The film traces the history of airplane hijackings as portrayed by mainstream television. Grimonprez composed the film of archival footage material — interspersing found footage, clips from science fiction films, diplomatic training films, reportage shots, airline promotional films, home video and reconstituted scenes. The central narrative is juxtaposed with references to the Cold War and passages from Don DeLillo's novels Mao II and White Noise. The film denounces the media spectacle and attempts to detect the impact of images on our knowledge, memory and feelings. Examining the great amount of information available via the media, Grimonprez acknowledges the unseen and hidden events. Events that can never or rarely be recorded. He shows the spectator the potential impossibility of recording and documenting historical fact.
Partly affiliated with Dial H.I.S.T.O.R.Y. is a sequence of portraits of hijackers by Grimonprez – titled No Man’s Land: Politics in the Sky – Skyjackers’ Series - that are exhibited in the gallery for the first time. Both the film as the concept of portraying hijackers is based upon Don DeLillo’s unthinkable idea that terrorists have made the writer’s role in society obsolete. Terrorists are able to play the media more cleverly, DeLillo said. In his work Grimonprez exposes painfully the hijacking of reality by the media. Portraits of hijackers as movie stars that filled the newspaper headlines hide the hidden organisation, training and terrorist indoctrination they underwent.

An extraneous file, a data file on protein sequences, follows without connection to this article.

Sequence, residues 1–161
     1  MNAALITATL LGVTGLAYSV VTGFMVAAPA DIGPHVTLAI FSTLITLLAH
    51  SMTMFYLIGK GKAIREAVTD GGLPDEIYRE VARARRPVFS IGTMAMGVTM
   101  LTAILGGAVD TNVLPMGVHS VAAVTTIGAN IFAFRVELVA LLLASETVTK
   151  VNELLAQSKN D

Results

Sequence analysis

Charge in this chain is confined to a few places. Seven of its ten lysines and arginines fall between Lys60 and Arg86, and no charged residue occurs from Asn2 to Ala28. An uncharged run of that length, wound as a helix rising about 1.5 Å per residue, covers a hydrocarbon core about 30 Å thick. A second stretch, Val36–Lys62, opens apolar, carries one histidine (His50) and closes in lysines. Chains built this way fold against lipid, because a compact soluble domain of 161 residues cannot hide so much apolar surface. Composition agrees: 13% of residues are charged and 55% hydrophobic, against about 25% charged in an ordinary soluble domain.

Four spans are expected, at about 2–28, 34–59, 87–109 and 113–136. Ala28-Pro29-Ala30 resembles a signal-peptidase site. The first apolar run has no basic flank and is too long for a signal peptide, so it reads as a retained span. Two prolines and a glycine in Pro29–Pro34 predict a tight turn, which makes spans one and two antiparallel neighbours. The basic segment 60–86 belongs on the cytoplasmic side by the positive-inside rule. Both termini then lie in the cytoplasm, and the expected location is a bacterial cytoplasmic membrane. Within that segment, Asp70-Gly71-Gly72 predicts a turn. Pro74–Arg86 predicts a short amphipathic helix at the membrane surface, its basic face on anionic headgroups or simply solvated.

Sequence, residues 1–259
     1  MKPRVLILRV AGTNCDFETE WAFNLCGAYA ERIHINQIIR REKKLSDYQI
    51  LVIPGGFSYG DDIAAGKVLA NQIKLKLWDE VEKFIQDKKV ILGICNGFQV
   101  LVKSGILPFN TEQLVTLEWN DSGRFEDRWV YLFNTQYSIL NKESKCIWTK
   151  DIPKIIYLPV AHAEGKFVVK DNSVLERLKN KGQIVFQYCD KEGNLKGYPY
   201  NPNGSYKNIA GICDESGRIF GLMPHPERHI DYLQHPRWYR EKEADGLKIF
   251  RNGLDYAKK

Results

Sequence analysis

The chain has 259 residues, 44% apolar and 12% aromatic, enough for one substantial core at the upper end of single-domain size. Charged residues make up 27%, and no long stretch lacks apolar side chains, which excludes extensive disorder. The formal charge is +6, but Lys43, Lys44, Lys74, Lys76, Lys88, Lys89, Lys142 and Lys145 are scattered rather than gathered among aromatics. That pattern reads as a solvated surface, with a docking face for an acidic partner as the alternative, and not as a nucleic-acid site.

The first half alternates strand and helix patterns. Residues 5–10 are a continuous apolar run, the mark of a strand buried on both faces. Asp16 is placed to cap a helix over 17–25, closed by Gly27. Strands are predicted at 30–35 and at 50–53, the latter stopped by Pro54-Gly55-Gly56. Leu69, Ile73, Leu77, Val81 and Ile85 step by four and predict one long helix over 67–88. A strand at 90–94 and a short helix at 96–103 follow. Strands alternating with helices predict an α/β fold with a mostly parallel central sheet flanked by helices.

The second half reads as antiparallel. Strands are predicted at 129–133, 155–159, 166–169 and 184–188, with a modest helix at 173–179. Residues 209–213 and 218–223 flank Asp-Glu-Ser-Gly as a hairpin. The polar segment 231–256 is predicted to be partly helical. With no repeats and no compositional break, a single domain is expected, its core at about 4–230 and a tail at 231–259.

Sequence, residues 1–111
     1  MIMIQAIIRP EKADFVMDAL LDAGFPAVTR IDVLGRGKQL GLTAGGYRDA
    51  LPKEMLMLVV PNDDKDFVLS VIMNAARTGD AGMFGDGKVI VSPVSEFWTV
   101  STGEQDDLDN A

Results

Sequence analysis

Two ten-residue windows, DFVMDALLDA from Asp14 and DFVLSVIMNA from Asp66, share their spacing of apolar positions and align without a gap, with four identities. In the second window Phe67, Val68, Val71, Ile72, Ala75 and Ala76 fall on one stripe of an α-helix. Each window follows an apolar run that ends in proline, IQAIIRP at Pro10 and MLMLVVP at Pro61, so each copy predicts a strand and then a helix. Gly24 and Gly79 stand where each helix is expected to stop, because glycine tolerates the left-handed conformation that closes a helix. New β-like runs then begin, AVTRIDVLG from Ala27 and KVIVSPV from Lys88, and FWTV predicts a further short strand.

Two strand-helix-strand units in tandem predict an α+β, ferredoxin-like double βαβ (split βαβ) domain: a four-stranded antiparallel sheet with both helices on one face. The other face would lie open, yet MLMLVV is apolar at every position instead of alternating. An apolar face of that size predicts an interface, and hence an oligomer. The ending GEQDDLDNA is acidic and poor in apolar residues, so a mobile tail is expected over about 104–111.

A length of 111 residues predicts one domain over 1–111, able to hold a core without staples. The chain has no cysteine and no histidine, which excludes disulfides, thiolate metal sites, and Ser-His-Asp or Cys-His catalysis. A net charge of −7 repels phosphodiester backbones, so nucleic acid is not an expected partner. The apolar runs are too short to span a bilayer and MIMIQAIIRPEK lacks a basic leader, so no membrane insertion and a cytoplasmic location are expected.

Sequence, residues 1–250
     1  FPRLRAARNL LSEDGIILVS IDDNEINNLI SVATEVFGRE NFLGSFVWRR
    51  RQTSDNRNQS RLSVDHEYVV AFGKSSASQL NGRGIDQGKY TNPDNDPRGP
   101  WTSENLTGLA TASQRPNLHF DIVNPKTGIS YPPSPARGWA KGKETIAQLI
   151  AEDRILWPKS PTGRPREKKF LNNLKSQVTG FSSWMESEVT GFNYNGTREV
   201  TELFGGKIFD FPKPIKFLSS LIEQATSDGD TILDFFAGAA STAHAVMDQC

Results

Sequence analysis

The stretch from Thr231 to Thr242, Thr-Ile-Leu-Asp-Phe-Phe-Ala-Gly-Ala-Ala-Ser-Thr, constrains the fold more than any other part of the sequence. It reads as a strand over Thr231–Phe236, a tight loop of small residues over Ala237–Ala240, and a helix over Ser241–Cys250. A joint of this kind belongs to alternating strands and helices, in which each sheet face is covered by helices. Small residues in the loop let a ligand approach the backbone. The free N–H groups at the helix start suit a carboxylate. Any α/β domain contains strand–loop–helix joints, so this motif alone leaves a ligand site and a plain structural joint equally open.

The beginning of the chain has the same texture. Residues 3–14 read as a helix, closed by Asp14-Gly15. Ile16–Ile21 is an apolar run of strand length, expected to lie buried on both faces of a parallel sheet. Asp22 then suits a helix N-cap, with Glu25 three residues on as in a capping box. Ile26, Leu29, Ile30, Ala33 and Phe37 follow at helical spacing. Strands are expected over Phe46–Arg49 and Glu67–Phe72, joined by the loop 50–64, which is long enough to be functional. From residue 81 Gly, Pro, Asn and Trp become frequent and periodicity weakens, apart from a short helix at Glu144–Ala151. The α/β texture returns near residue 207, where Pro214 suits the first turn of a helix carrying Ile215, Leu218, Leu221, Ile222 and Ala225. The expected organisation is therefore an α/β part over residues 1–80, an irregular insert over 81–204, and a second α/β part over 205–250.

Johan Grimonprez's curatorial projects have been exhibited at museums worldwide, such as at the Hammer Museum (LA), the Pinakothek der Moderne (Munich) and, the MOMA (NY). His works are part of the permanent collections of major museums, including the Centre Georges Pompidou (Paris), the Kanazawa Art Museum (Japan), Tate Modern (London), The National Gallery (Berlin) and Stedelijk Museum (Amsterdam). In 2011/2012 Grimonprez received a retrospective at S.M.A.K. (Stedelijk Museum voor Actuele Kunst), Gent, Belgium. His newest work ‘Shadow World’ (global arms trade) premiered at Tribica Filmfestival in New York and will be part of IDFA2016 at De Balie, Amsterdam. Flatland presented the work of Grimonprez in 2012 with ‘I may have lost forever my umbrella’ during Art Rotterdam; in 2013 with ‘Looking for Alfred’ at the first edition of Paris Photo Los Angeles; and in 2016 as part of the group show GARDENING in the gallery in Amsterdam.